I NEVER BELIEVED in ghosts. So when I was told they were out there moaning in the field, my response was no different than yours, no doubt, would be. I rolled my eyes and laughed.
For nearly two years I ignored strange sounds. I spent weekends following the quests of the mighty Colts and then the perfect Patriots, weekdays diverted by sagas of quarterbacks who drowned dogs and cornerbacks who showered 81,000 dollar bills on naked dancing girls. I'd just turn up the volume on game days, make the collisions grow louder.
But then one night, when the strange noises grew insistent, I ventured outside. It took a moment for my vision to adjust to the dark. But there they were. A horde of ghosts pursuing a tall, solitary figure.
Conrad Dobler was near the front of the charge; how could I not remember him? Even with his hair turned white, his legs hobbled by five knee replacements, the old St. Louis Cardinals guard delivered a helmet-first shot. "Some people have no conscience," he snarled, "and he's one of them."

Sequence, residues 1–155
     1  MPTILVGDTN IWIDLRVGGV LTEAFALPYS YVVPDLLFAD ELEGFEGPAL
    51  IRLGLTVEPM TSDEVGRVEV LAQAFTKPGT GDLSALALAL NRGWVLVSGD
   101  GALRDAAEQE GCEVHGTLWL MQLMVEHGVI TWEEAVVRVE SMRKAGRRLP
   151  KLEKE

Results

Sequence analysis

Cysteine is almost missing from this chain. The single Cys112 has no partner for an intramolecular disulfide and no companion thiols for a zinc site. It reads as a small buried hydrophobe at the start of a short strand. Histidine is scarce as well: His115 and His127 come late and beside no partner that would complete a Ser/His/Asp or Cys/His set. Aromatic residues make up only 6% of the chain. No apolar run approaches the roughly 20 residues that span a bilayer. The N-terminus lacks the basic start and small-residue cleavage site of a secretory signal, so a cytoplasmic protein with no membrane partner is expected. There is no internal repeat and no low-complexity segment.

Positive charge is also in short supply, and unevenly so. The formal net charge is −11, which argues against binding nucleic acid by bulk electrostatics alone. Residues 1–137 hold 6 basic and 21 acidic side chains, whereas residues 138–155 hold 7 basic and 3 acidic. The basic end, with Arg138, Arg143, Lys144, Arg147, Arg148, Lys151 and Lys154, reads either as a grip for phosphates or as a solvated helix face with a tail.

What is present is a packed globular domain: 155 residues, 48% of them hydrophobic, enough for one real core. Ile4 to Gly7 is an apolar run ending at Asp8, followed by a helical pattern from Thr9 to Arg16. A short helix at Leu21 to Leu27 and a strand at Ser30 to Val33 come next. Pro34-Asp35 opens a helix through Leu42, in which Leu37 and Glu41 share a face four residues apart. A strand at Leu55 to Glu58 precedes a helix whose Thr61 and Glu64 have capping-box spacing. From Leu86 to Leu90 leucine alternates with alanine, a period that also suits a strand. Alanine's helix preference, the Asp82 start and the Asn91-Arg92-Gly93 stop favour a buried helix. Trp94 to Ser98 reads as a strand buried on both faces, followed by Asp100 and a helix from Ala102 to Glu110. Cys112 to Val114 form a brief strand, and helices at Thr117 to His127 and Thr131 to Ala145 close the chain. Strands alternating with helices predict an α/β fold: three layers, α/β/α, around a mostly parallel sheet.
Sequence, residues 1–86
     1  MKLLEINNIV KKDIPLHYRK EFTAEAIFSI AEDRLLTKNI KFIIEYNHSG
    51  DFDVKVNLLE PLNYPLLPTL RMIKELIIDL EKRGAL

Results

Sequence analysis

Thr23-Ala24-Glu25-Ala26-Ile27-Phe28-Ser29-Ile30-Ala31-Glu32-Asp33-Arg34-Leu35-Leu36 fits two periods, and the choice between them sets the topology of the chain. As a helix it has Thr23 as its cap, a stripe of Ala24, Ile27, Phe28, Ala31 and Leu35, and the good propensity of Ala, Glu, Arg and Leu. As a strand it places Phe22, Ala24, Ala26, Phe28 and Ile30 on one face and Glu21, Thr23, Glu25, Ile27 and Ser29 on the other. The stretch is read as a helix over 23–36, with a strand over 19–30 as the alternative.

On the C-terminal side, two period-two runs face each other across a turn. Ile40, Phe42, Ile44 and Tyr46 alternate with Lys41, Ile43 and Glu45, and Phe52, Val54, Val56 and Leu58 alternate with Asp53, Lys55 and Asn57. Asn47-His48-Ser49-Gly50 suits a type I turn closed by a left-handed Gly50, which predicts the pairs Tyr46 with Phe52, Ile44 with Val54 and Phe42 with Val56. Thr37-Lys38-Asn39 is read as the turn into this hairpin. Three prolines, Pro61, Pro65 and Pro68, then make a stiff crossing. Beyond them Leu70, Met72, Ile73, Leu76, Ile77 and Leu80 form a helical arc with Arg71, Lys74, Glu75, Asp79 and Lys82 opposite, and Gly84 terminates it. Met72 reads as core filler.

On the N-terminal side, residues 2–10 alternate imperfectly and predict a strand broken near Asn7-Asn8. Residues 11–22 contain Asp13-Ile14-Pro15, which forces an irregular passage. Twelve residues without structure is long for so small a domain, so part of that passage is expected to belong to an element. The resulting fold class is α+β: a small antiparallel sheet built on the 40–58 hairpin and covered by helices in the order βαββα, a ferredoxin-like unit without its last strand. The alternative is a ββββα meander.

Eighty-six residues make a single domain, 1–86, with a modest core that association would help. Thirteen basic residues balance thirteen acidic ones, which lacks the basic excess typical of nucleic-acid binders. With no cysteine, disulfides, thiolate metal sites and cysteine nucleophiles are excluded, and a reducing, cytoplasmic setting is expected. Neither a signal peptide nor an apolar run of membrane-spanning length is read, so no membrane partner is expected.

Then came a neck-snapping tackle from an old Baltimore Colts safety. "We have no interest in working with a man of his morality," said Bruce Laird. "He is a nonentity.... He means nothing to retired players."
On came another ancient guard, a former Buffalo Bill with a savage forearm shiver. "I won't stop until that bastard's gone or in jail," said Joe DeLamielleure. "He's a disgrace to every player, past and current."
Next came a creaking running back and a quarterback, one high and one low. "He is nothing more than a pawn," howled Mercury Morris, the former Miami Dolphin. "This is a scam. It's always been a scam and always will be a scam." Ex--Houston Oilers QB Dan Pastorini's hit was swift and brutal: "He makes me sick."
Then it grew worse. One of the eldest ghosts, a onetime Cleveland Browns cornerback, arrived like a missile and administered the lowest blow of all. "A habitual liar," Bernie Parrish hissed, and then demanded to know why the man wasn't a suspect in the unusual death of his ex-wife.
Finally I caught a better glimpse of their target, the tall, impervious one who just kept trudging onward. The thick padding and tape wrapped around his long arms and hands, as if he were a mummy, sparked my memory.
It was Gene Upshaw.